The Ultimate Guide to Interning Abroad

If you’re interested in both studying abroad and getting an internship, why not intern internationally? Interning abroad can be a great way to get two fulfilling experiences at once: it allows you to gain hands-on experience in your desired field while also immersing yourself in a different culture. If you’re interested in finding an internship abroad, consider this your go-to guide for the process!

One year before: Do your research

While study abroad program applications probably won’t be available for a few months, it’s always a good idea to get started early with some initial research. Think about what countries you might want to live in, what fields you could work in and what kinds of programs you want to commit to. Depending on the options available at your school, you’ll either go abroad through your college or through an external program. Either way, start off the process by doing some research and seeing if interning abroad is something you’re interested in. Check out what is required financially, whether or not your course schedule will allow it and what sort of visa requirements there are for each country.

If your school offers study abroad information sessions, don’t hesitate to take part! Information sessions are often a great introduction to the application process. If your school doesn’t offer such sessions, consider sitting down with a study abroad advisor. They should be able to offer you some information about what internship programs are available and what students have done in the past.

“Be diligent,” says Gretta Dattan, a senior at the University of British Columbia who interned in the United Kingdom. “Start looking for summer internships in January, and check out positions you normally wouldn’t.”

If you’re not sure where to start your search, there are tons of great resources online! Check out some great external program websites such as Intern Abroad, or peruse past study abroad students’ blogs for a little more insight.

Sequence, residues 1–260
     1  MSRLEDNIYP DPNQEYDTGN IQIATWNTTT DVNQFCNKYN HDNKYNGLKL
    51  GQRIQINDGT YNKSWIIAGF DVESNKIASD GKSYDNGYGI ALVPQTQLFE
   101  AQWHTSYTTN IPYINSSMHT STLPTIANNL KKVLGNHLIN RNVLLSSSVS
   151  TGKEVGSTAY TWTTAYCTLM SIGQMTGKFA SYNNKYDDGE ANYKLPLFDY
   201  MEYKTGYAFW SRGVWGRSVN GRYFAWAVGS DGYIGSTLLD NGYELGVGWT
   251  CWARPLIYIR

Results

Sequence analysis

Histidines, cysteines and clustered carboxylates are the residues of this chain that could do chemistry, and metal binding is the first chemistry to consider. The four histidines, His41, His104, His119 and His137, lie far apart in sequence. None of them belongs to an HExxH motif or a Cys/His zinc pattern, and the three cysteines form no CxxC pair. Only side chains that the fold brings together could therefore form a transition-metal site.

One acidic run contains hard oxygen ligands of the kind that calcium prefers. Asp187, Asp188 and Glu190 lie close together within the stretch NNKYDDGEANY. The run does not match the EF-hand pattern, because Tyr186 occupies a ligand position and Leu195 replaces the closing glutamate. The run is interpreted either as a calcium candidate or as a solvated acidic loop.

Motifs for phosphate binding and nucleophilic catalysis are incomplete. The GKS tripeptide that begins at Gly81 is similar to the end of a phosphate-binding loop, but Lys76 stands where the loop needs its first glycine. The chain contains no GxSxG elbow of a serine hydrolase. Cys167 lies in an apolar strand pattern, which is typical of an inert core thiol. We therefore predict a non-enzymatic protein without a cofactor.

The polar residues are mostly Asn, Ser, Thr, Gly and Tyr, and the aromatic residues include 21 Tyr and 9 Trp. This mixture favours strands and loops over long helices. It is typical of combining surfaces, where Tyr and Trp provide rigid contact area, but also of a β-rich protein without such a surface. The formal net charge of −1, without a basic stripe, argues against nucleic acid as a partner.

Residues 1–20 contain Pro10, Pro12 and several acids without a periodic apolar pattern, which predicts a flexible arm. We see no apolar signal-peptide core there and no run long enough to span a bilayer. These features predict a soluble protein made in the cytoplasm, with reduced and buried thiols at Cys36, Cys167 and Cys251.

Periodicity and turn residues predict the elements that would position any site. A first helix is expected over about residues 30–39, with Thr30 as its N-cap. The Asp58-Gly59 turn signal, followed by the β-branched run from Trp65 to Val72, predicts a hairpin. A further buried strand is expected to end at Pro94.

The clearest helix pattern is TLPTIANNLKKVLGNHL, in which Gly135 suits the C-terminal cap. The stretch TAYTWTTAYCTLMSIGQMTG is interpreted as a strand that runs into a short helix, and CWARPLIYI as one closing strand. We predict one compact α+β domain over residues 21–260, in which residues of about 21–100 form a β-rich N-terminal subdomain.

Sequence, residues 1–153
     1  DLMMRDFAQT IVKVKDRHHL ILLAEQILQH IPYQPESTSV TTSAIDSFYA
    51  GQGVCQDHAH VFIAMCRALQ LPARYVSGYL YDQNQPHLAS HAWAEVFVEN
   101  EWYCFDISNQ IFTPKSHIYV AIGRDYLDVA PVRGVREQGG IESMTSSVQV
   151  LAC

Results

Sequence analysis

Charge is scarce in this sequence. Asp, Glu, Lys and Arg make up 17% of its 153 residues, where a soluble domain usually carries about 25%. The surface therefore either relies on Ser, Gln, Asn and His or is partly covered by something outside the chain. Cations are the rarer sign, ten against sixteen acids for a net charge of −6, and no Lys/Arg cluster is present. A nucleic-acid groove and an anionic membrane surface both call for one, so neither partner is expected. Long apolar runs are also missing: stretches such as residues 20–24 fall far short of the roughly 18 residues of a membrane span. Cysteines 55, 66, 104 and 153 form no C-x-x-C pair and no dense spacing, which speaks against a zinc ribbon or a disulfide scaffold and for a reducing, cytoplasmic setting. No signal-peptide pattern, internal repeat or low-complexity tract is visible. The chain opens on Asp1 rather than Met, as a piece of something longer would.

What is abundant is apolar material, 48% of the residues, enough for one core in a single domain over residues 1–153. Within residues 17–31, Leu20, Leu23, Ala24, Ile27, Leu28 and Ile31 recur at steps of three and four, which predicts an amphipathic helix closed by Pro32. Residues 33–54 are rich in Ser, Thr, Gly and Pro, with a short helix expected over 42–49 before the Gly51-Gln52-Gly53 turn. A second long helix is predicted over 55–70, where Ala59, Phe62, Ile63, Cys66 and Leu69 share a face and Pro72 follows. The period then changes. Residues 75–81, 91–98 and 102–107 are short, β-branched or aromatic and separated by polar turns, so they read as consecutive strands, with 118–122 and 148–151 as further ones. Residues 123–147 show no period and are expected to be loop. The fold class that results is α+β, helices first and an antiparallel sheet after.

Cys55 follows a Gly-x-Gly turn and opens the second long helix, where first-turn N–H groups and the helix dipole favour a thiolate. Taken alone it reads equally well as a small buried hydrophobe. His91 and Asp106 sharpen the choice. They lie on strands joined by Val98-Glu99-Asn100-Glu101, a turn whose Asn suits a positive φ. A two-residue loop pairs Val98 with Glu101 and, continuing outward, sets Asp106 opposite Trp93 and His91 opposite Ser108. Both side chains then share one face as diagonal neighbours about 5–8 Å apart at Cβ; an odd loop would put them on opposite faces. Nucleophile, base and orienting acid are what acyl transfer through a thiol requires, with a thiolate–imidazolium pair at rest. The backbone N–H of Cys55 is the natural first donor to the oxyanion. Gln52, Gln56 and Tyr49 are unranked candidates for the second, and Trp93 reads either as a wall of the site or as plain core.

7 to 9 months before: Narrow it down

As you get closer to the study abroad application deadline, start narrowing down your search. Decide where you want to study and intern abroad, and pick one or two study abroad programs you might want to apply to. By now, you should have a good idea of where you want to go and what you want to do in terms of an internship. Look at which programs are designed solely for studying abroad and which programs offer internship placement. 

“Definitely look for a program that has lots of options in whatever field you want to go into after graduating,” says Natalie Kelly, a senior at Santa Clara University who studied and interned abroad in London. “I chose my program based on the location, but there weren't too many options for my major. While they were able to find me a good placement, it was not necessarily what I was hoping for when I went into it.” 

Though Natalie may not have gotten the position she was hoping for when she initially applied to intern abroad, she still learned a lot throughout her experience—which is often the case.  

“The biggest piece of advice I would have for students thinking of interning abroad is to be flexible and not to get stuck on where they'll be interning,” says Michelle Kasmauskis, the Program Manager of Internships at Arcadia University. “Any placement will provide a valuable experience with transferable skills that can be used again in future internships and jobs.” 

To get ready to submit your internship program application, start by figuring out exactly what materials you'll need to submit. Chances are that there will be parts of your application that you’ll have to work on separately, like letters of recommendation or a resume. In order to have these documents ready to submit along with your application, reach out to past professors, mentors, and supervisors for their help. Ask if they’ll vouch for you in the form of a reference or write you a recommendation letter for your program. Additionally, be sure to update your resume so it’s ready to be sent out to potential internship programs.

4 to 6 months before: Apply and interview